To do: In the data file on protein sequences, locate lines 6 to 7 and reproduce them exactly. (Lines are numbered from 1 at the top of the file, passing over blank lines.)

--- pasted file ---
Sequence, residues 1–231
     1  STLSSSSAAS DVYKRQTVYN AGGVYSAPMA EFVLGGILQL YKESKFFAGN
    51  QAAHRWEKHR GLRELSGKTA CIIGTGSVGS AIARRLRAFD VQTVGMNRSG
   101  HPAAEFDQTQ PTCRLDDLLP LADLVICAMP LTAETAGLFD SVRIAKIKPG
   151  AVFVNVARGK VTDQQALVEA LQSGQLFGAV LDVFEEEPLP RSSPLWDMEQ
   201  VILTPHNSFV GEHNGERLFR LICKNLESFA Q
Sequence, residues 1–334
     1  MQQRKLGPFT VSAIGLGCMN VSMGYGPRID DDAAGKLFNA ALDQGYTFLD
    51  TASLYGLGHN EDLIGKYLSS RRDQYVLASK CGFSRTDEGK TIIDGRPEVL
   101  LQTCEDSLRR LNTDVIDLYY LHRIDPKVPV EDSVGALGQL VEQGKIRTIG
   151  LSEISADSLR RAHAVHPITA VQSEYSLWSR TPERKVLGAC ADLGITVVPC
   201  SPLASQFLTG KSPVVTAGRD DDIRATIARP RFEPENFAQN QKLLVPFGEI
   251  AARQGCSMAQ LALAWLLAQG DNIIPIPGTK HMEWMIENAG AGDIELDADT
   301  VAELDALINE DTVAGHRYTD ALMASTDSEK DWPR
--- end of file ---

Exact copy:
   201  VILTPHNSFV GEHNGERLFR LICKNLESFA Q
Sequence, residues 1–334